e grow up learning that family and motherhood are what give a woman her worth. Motherhood in Congo is something that is sacred. A woman who has no children is like a tree that does not produce fruits. This is what stays in our head. Because of that, in some families you suffer prejudice for not being able to have children.
I suffered from this prejudice because I was studying, and those who study do not have time to have children. Those who study need to focus on the study. The whole family supported me in order for me to able to finish school, but they were always saying, ‘What does she think she is doing? Where will she go with this diploma?’ But for me a diploma was my right, a real achievement. But the prejudice was too strong – a woman had to get married and go through motherhood.
So I went through motherhood, and to be honest it changed me a lot. My vision about it has changed. Motherhood initiates family, it’s where we come from. It is why families and societies exist. But it doesn’t have to be as they say.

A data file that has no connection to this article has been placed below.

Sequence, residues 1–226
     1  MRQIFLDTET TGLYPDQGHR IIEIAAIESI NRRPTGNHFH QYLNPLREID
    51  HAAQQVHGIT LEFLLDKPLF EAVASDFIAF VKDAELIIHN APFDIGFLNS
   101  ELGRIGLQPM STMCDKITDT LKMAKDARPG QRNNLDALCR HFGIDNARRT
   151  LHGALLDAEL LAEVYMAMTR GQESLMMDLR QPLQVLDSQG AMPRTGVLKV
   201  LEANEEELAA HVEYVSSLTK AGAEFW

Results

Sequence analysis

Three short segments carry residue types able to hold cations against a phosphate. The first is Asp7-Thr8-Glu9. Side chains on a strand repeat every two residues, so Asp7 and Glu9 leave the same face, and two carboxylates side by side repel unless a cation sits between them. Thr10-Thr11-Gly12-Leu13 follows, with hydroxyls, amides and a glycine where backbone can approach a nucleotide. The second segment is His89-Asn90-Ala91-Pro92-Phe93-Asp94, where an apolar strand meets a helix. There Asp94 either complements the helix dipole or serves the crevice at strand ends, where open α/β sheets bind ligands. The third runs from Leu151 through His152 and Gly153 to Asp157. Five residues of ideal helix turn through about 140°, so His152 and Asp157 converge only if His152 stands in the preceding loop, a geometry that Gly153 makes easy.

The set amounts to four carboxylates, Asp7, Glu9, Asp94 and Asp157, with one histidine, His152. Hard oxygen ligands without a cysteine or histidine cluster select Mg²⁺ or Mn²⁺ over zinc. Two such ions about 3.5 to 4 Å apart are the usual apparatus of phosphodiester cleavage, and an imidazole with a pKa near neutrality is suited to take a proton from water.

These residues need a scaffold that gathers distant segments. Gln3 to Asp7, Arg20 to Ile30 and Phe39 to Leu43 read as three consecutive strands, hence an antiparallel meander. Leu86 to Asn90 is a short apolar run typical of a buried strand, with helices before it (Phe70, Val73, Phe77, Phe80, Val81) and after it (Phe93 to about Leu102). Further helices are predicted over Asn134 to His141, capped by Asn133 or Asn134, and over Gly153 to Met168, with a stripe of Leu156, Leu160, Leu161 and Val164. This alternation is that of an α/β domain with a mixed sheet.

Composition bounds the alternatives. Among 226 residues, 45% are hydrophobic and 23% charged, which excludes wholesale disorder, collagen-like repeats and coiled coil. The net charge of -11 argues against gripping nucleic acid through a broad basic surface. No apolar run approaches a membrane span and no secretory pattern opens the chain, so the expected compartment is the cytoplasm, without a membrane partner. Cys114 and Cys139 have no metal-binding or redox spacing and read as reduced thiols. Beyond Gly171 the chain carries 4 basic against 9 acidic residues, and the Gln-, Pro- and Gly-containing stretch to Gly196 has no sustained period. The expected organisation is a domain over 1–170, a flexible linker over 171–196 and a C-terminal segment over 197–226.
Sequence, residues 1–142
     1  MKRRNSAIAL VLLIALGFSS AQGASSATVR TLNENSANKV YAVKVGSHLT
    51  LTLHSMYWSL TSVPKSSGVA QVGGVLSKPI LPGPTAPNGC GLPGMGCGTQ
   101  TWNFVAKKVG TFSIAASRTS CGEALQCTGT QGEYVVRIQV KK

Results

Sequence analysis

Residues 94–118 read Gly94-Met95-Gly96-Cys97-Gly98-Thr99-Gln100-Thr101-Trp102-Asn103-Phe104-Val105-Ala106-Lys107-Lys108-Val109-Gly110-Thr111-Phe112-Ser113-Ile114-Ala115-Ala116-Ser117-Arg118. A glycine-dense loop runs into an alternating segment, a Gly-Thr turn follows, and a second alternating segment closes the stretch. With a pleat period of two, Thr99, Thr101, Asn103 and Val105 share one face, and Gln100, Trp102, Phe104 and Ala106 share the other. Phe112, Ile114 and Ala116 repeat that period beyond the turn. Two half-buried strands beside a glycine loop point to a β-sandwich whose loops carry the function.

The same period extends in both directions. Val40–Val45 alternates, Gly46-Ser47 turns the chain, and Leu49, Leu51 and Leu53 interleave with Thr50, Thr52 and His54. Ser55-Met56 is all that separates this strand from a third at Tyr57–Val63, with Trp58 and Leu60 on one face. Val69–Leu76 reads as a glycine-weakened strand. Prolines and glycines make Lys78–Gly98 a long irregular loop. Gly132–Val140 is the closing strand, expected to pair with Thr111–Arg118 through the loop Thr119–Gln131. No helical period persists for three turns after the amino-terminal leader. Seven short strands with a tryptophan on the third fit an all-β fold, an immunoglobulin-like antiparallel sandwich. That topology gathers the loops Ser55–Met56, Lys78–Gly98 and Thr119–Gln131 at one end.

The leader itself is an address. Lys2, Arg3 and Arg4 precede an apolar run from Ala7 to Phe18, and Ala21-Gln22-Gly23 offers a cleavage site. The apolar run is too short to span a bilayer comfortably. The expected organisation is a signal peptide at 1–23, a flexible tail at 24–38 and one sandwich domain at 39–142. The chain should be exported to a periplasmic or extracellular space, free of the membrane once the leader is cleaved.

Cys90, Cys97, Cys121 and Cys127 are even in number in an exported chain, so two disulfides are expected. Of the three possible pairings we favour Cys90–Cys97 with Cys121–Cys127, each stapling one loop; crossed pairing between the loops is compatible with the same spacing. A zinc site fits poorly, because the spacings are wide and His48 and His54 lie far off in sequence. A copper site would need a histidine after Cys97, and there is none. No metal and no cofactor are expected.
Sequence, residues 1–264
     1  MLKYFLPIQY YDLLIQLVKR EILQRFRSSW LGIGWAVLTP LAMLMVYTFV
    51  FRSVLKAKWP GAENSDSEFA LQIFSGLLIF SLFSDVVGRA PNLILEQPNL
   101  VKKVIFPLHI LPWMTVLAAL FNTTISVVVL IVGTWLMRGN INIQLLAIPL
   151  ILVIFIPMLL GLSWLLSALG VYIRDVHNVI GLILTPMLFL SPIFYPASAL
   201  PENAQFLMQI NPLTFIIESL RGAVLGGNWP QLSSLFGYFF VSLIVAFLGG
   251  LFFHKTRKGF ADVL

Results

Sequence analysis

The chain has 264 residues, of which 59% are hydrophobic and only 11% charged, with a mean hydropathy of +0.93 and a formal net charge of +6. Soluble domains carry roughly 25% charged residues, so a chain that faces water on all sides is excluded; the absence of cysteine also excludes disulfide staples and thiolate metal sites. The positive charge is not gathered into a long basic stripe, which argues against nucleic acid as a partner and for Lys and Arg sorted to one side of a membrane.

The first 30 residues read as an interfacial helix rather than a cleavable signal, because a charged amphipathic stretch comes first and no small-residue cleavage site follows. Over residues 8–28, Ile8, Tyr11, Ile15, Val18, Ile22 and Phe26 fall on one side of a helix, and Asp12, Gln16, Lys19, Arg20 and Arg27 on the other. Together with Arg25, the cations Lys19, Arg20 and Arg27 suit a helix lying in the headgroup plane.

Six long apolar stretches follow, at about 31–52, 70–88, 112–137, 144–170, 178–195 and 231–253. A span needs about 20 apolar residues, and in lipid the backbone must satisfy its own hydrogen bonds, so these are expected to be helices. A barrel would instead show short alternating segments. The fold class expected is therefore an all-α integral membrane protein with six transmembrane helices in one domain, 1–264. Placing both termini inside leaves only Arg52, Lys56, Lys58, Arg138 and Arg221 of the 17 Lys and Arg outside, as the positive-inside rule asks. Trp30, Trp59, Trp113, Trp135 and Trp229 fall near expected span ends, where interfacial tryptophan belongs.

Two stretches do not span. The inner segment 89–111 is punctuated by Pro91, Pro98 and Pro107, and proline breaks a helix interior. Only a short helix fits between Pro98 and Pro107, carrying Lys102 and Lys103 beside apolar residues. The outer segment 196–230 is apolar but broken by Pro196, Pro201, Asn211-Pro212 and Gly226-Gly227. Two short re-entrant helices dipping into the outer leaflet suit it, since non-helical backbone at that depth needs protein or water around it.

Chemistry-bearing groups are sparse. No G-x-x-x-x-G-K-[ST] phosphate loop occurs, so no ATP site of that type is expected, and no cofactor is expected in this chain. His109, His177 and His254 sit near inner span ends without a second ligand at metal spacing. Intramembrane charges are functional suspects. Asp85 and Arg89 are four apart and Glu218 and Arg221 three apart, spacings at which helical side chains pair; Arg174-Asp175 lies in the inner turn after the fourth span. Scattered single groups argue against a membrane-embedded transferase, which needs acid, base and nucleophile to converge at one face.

I kept studying and working. I studied to be able to work in the future. But what I had achieved in Congo, because political problems, they were taken from me. After arriving in Brazil my life changed a lot – everything I had planned changed. I tried to fight to get back everything I had lost, but I haven’t gotten everything yet. In the beginning it was very difficult. You leave a country that speaks French and arrive in a place where the language is Portuguese. Communication is difficult for us here, but it gets better. There is a book here that mentions me. It says ‘she was a lawyer in Congo and became a maid in Brazil’, which means I started from scratch. I started knocking on doors asking for a job, cleaning from house to house. I’ve managed to stabilise myself in the job market now and am improving my situation, step by step.
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